Thirdly, That is a mans beloved sinne, on which his minde, his heart, and all his*labour is spent. The Voluptuous man is described to be one that maketh provision for the flesh. The Adulterer is brought in by Solomon diligently observing the time for his Lusts. The malicious Enemy to Godlinesse is said by David to go up and down the street like a Dog waiting for an opportunity, and cannot sleep till he hath accomplished mischief. As Joseph was known to be Jacobs Darling, because he bestowed a more excellent coat upon him than the rest, and so the elder Sonne was to have a double Portion, as most beloved; So that sinne which hath a double Portion above others, that which hath more of thy Cares, thy Thoughts, thy heart; that is thy Darling sinne: Oh kill that, crush that in the Egge, before it come to be a Cockatrice. Men should commune with their own hearts, and study themselves more than they do in this matter.

Fourthly, That is thy darling sinne, which thou wouldst have spared above all. Thou wouldst never stand delaying, but turn immediately to God, but for that. * That which thou hidest in time of danger, as Iehojadah did young Ioas, hoping in time to make him King. This is the Goliah of all the Philistims: Common∣ly when the Grace of God comes close to a mans heart, begins to wrestle and combate with sinne; then there is no such sturdy and potent enemy as that be∣loved sin. All the difficulty is in throwing down that mountain. When there was a man very forward, and not very far from the Kingdom of Christ, our Savi∣our to trie his sincerity, presently puts him upon the leaving his indeared sin, and then saith the Text, He went away exceeding sorrowful. This was the cup of Je∣lousie-water that did presently make his thigh to rot. What then is the sinne that hinders thee alway? That is the 〈 in non-Latin alphabet 〉, the milstone about thy neck 〈◊〉 If it were not for that, thou couldst gladly run in the way of Gods com∣mandments: This is the great enemy to thy souls peace, spare it not but de∣stroy it.

Fiftly, The darling sinne may be found out by the easinesse to be overcome by it. Sampson is easily perswaded by Dalilah, when none else in the World could * steal away his heart. The Apostle bids us lay aside the sin that doth so easily bese us, Heb. 12. 1. Its the general Rule of the Scripture, Of what a man is overcome, that he is in bondage unto: and if the man be easily without any resistance over∣come, then its an argument he is the more in bondage. Consider then what that sinne is, which thou canst hardly refuse, what that is which finds the door always open, and there know all thy Calamity ariseth by that, Its an heavy slavery (if the soul could be sensible) to be at the command of any sinne; when it faith, Go, thou goest; and when Come, thou comest: Thou canst deny nothing to it, as Herod could not to Herodias; Ask not half, but the whole Kingdome of Hea∣ven, and thou will part with it to enjoy thy lusts.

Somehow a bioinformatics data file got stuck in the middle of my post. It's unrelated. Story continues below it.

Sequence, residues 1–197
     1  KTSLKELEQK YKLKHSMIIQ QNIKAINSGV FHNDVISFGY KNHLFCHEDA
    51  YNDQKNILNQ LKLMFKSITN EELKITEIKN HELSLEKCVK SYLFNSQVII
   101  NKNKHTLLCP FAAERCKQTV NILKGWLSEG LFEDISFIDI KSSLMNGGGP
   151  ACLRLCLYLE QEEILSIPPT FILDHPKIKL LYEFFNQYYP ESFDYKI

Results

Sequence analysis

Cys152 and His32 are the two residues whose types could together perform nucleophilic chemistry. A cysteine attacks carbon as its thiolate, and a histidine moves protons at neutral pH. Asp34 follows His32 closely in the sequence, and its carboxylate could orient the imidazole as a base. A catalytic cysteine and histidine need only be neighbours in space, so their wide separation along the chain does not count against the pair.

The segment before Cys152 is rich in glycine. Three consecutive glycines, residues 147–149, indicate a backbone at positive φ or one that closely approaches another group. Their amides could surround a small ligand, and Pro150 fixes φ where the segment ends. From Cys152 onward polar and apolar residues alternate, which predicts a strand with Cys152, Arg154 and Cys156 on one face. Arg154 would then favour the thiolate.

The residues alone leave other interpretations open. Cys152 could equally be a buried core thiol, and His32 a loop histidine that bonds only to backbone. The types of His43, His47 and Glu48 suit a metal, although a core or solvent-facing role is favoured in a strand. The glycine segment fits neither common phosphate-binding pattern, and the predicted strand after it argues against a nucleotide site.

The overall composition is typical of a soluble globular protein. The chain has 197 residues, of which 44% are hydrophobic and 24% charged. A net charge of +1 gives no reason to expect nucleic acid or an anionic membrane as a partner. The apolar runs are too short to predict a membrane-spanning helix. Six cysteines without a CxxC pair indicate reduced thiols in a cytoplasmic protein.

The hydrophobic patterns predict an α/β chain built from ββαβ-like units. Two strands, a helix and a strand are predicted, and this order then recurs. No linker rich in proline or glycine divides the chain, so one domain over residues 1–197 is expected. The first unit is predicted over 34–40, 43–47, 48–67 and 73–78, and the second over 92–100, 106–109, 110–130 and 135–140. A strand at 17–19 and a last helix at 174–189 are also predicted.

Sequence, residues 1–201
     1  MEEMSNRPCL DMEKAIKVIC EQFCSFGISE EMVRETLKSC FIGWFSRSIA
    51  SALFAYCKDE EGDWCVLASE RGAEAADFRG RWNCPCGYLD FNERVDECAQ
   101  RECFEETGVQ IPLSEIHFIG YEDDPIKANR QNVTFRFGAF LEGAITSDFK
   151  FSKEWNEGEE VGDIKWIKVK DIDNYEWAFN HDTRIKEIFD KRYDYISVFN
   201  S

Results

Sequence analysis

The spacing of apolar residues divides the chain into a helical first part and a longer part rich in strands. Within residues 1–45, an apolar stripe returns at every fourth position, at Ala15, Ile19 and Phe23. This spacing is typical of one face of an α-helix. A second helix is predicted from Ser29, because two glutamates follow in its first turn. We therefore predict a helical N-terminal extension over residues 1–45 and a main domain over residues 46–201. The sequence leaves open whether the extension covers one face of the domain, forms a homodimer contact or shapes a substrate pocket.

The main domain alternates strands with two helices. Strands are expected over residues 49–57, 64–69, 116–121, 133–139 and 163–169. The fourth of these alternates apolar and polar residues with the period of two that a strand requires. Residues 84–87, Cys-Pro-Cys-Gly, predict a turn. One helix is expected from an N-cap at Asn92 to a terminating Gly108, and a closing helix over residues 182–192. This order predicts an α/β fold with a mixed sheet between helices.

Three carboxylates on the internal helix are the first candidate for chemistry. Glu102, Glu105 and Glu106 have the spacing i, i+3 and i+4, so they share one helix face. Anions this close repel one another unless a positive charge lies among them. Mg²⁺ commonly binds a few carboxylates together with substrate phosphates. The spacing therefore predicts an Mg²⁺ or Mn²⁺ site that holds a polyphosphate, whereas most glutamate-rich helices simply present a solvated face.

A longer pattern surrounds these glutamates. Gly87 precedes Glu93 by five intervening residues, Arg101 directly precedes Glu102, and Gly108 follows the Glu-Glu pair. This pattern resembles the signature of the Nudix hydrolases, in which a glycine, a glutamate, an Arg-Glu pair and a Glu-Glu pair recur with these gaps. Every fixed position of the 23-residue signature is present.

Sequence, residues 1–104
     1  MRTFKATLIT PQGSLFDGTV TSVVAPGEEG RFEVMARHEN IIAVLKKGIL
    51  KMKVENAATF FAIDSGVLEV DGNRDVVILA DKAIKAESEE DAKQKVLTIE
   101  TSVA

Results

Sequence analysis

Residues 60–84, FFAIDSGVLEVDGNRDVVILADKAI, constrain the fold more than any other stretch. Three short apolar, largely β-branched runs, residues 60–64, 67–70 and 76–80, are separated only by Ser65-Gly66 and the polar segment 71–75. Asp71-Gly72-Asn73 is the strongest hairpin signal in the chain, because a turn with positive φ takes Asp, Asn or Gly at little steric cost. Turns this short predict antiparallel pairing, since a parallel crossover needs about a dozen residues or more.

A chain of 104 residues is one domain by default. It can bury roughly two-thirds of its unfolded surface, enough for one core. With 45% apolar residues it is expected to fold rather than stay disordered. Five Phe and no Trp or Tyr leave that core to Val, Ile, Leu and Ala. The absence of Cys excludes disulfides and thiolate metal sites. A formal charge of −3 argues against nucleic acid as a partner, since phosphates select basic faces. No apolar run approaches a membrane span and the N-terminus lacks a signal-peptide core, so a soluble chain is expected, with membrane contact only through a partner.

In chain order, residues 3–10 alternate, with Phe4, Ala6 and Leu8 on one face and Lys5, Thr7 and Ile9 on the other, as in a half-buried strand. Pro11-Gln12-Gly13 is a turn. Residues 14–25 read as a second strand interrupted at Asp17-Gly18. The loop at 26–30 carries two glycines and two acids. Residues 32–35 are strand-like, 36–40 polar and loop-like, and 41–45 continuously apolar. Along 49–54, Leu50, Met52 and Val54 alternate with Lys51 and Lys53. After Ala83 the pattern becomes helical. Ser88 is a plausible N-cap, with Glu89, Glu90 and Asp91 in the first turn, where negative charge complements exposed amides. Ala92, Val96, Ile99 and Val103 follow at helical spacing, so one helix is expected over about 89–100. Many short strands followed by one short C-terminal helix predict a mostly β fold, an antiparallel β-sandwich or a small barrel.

Thus you have heard how this particular sin of a man, which is his own indeared corruption may be found out.

Now lets consider, Why Conversion to God doth in a speciall manner make * a man leave this: The work of Grace doth in a peculiar manner take off this yoke 〈◊〉 That what Amnon did by unnaturall, carnall lust; he hated Tamar as much and more than ever he loved her: so when men are once truely humbled for sin and turn to God, those particular lusts which were their delight, their sport, their constant practice, they are now most set against them; of all sins their Page  462 hearts do most is and swell with an holie indignation against them. Now the grounds are these:

First, This beloved sinne was the strength and power of all other sinnes. They all runne into this: This is a kinde of an original mother sinne, that bred and * nourished all other transgressions. As Sampsons strength lay in his hair, so all the power and effiacie of sin in a man, ran into that Channel of his beloved sin. That was the premum mobile which carried all the rest with it; so that as it was given in command to the Souldiers, that they should not fight with little, or great, but with the King of Israel: so grace in the heart of a man doth not so much assault lesse sinnes as this great one. Come, saith grace, let us destroy this, and all is ours, This is the strong man that must be bound ere the house can be taken: This is the Dim that must first be destroyed. No wonder then, that a man intangled in any close beloved sin, can promise himself any true comfort or hope, for he is under the strong power of sin and Satan, as long as this is upon him.